TOTAL CAPITULATION: May Proposes Sub-Norway Brexit Deal – Concedes on Goods, Rules, EU Court, and More


Prime Minister Theresa May has unveiled the ‘Brexit’ deal her Cabinet has agreed to put to the European Union, which appears to be even softer than the ‘Norway Option’.

The bizarre proposals would see Britain effectively remain inside the EU’s Single Market for industrial goods and — unlike European Economic Area (EEA) countries like Norway — agricultural products, by signing up to a free trade area regulated by a so-called “common rulebook” dictated by the European Court of Justice.

However, Britain would be outside the  Single Market for services, such as it is — a somewhat counterintuitive proposal, considering the country runs a substantial trade surplus with the rest of the EU for services, but a large deficit for goods.

Britain would also agree to remain subject to EU state aid rules and keep its employment, environment, consumer protection, and social regulations at least as stringent as the EU’s, as well as binding itself to legal agreements guaranteeing “strong reciprocal commitments related to open and fair trade” in order to maintain a “fair trading environment”.

(This is likely in response to EU demands that the United Kingdom does not cut taxes significantly below its EU competitors’.)

Britain would also agree to collect customs duties on the EU’s behalf for goods destined for the EU, in a resurrected version of the ‘customs partnership’ which Brexiteers were previously assured was off the table — a bid to keep the Northern Irish border wide open.

Taken together, these commitments would likely render Britain’s regained powers to negotiate its own trade agreements purely theoretical.

Claims that the deal would end Free Movement also seem dubious, given vague language concerning “a mobility framework so that UK and EU citizens can continue to travel to each other’s countries, and apply for study and work” — which has been interpreted as the maintenance of Free Movement of Labour, with a requirement for EU migrants to have a job offer before they turn up the only caveat.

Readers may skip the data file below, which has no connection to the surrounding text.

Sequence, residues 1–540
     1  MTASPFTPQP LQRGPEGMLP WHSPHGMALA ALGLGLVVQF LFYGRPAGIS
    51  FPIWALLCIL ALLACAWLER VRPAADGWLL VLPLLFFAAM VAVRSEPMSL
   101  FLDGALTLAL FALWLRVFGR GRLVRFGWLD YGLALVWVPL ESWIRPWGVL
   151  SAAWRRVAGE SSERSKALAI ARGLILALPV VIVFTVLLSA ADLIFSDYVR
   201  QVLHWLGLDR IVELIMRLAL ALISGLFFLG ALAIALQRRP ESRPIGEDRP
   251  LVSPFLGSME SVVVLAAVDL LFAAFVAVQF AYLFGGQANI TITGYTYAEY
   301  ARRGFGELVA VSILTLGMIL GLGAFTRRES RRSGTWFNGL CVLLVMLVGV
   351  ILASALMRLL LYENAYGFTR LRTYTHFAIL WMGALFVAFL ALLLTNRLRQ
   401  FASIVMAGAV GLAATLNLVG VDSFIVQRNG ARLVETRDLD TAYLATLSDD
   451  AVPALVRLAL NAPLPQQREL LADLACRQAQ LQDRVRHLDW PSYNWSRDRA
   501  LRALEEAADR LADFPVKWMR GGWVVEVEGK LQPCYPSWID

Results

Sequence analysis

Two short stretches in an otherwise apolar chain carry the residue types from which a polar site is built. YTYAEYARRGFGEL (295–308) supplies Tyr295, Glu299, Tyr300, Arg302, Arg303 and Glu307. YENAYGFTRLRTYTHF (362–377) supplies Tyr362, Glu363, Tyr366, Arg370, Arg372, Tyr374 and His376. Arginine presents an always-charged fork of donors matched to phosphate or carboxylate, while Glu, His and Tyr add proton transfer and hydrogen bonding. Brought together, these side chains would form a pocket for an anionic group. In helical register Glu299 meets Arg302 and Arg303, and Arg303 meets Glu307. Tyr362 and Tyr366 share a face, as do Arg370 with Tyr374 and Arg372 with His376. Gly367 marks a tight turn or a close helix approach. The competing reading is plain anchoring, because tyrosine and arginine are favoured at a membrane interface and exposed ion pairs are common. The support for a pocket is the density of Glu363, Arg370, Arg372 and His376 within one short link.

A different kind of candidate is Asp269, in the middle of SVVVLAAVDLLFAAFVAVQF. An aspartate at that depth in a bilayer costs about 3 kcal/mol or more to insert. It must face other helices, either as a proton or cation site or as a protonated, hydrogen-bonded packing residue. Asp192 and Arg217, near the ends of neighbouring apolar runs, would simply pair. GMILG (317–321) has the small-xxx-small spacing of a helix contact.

The proposals were slammed by Brexit campaign leader Nigel Farage right out of the gate, who declared: “Brexit did not mean keeping the 90% of our economy that does not export to the EU trapped by their laws.”

He added: “This Brexit strategy is a sell-out to the global corporates, as it was during Maastricht. The Tory Eurosceptics are a waste of space. No resignations means that the so-called Brexiteers in cabinet don’t have a principle between them, career politicians all.”

He also warned that the agreement is “just the government position, once they meet [EU chief negotiator Michel Barnier] even more concessions will be made,” and predicted that “Delaying March 29th 2019 will be the next target for the EU and the establishment.”

Barnier tweeted that the proposals were welcome, but that they would have to be assessed “to see if they are workable & realistic in view of [European Council] guidelines.”

The EU has previously insisted it would not allow any “cherry-picking”, but may make an exception for May’s offer, which makes a large number of concession to the EU without requesting much in the way of increased freedoms in exchange, and while limiting British access to the EU services market to boot.

It is still possible the bloc will reject the deal, however, suspecting the Remainer-dominated political class will find a way to stop Britain from realising any sort of Brexit if the ‘No Deal’ option is the only one they leave on the table.

Follow Jack Montgomery on Twitter: @JackBMontgomery
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